Older people make better decisions than younger people overall, according to a new study released by psychologists at UT and Texas A&M University.
Researchers led by Todd Maddox and David Schnyer, professor and associate professor of psychology at UT, and Darrell Worthy, assistant professor of psychology at Texas A&M University, found that people over 60 years old learn from situations and make better long-term decisions than young adults in their late teens and early twenties.
“When past behavior influences choice of decision, older adults make choices that yield better long term results than young adults,” Worthy said. “Our study doesn’t at all suggest that older people have poor memory compared to young adults.”
During the study groups of participants were asked to make decisions in which the only decision-making factor was the short-term results of good decision making. Young adults excelled at this portion of the study. However, when participants were asked to decide between an oxygen system on planet Mars that offered better immediate results and poor long-term results or poor immediate results and better long-term results, older adults outperformed their younger counterparts.
Theatre and dance junior Graciela Reyna said to her, it appears as obvious common sense that older people would be better problem solvers.
“I feel almost like that’s stating the obvious,” Reyna said. “The longer you live, the more experiences you have, and you would make better judgements. It’s a product of life.”
Karen Fingerman, professor of human development and family sciences, said typical stereotypes about aging people losing mental capabilities are a product of a system of mental gains and losses that occur when people age.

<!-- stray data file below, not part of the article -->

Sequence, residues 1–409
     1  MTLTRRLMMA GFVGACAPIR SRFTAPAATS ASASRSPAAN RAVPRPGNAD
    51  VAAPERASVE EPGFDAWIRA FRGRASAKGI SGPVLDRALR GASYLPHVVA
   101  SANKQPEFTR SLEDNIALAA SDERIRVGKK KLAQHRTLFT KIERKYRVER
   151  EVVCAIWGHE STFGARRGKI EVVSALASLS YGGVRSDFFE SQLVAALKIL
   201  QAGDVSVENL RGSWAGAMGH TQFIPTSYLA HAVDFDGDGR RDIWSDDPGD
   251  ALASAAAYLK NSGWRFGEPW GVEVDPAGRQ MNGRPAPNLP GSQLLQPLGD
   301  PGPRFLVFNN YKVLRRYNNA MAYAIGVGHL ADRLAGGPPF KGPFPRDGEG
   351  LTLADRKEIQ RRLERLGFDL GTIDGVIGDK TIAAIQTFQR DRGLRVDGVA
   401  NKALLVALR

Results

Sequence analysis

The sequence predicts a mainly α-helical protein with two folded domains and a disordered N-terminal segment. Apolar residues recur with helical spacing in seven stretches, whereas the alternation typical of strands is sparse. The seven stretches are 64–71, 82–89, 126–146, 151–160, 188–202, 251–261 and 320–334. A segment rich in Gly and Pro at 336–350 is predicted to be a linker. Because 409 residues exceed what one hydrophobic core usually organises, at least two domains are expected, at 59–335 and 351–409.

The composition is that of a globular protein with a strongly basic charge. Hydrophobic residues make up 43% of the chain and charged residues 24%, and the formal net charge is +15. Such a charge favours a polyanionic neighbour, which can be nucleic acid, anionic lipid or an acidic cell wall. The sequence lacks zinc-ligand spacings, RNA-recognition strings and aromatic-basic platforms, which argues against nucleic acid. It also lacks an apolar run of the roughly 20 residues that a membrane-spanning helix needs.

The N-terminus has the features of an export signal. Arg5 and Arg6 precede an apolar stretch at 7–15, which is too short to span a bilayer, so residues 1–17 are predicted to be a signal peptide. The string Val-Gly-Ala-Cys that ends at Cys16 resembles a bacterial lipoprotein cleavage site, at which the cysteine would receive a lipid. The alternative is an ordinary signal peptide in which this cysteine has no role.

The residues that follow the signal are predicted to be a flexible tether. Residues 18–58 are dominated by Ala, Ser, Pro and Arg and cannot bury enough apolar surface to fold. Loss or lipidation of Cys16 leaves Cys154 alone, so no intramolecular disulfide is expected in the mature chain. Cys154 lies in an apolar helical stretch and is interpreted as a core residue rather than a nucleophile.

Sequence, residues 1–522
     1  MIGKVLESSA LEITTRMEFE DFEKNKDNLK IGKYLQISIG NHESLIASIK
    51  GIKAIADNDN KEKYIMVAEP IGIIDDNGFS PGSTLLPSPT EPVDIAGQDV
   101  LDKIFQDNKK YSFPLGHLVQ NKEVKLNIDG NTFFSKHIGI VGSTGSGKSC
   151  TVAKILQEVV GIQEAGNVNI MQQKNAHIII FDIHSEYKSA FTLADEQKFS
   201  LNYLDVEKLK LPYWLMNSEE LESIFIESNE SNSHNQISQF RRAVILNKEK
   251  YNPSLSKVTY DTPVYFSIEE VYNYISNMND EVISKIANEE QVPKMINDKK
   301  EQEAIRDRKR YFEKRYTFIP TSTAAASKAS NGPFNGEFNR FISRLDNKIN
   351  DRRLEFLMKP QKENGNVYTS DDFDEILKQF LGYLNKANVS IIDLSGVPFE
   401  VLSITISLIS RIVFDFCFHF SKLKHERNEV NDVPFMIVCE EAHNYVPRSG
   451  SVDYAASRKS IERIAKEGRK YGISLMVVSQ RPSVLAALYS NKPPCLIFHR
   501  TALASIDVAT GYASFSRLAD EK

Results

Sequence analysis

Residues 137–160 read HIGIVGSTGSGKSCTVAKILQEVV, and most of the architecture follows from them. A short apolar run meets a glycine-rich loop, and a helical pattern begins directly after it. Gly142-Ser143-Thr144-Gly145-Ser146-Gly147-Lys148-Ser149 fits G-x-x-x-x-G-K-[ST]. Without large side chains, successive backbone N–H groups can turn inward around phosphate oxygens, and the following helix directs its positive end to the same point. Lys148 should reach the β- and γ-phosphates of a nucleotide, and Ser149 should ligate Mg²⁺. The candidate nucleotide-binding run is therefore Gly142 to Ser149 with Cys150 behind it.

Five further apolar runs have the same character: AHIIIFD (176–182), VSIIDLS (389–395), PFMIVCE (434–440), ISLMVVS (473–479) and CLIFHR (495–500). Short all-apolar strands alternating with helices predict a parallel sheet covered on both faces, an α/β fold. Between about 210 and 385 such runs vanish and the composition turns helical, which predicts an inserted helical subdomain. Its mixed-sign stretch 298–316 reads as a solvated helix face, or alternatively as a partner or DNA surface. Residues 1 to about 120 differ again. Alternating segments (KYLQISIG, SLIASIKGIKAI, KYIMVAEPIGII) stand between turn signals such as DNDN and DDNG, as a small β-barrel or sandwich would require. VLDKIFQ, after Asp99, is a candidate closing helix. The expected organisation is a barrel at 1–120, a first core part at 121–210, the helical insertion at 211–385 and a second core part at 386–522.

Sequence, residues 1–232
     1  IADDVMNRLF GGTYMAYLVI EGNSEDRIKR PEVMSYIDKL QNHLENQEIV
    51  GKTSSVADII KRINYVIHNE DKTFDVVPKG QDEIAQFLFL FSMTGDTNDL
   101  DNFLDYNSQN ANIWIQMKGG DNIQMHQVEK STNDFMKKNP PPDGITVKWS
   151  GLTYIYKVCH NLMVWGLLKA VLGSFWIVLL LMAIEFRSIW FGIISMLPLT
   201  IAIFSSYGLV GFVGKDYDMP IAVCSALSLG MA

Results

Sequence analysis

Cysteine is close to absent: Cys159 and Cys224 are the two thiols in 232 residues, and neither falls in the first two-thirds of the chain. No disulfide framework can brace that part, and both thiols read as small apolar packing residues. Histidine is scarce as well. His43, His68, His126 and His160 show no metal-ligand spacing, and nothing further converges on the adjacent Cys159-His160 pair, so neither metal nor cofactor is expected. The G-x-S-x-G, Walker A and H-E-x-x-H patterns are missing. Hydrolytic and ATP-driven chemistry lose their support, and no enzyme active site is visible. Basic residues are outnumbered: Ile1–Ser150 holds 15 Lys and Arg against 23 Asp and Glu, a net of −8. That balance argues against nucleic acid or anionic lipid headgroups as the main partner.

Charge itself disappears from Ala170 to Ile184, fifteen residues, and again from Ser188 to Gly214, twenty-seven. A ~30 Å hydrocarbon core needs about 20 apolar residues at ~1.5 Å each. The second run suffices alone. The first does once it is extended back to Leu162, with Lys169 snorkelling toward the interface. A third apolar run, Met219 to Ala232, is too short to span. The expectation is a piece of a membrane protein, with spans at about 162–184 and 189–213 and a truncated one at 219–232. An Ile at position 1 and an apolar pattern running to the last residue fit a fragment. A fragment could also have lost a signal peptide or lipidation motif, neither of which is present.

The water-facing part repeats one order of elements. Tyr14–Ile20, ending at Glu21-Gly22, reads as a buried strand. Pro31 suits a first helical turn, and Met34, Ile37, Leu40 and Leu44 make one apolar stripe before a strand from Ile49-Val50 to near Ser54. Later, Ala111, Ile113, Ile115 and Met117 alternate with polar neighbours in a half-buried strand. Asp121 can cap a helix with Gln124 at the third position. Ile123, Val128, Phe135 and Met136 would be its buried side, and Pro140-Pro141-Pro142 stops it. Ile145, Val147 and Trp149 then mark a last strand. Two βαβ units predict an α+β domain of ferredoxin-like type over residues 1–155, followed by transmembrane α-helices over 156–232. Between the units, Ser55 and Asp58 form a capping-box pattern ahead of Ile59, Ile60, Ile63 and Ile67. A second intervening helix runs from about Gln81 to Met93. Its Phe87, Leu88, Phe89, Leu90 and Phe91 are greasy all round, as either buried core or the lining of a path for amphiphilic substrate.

“People do not lose their mental abilities as they get older,” Fingerman said. “You have gains and losses. Older adults usually do better in knowledge because they have more knowledge. People often lose their speed as they get older.”
Stereotypes about aging and loss of mental capability result from older people noticing the losses but not their accumulated gains, Fingerman said.
“We have stereotypes,” Fingerman said. “If you even go to the grocery store and look at the birthday cards you can tell that. It’s because there’s a lot of times that people notice the loss of speed but not the gains of knowledge.”
Researchers for the study hypothesize that the cause of this phenomenon of brain change with age is the deterioration of the ventral striatum, a part of the brain utilized by young adults. As the ventral striatum deteriorates, the researchers theorize that the prefrontal cortex, an area of the brain that controls rational and deliberate thoughts, compensates for it, Worthy said.
To test this theory, researchers have begun using neuro-imaging technology to track which parts of the brain react in the decision-making process, Worthy said.
“Our preliminary data do support these conclusions,” Worthy said. “We are finding older adults are having more activity in the studies.”
Printed on Wednesday, September 21, 2011 as: Study shows adults make better decisions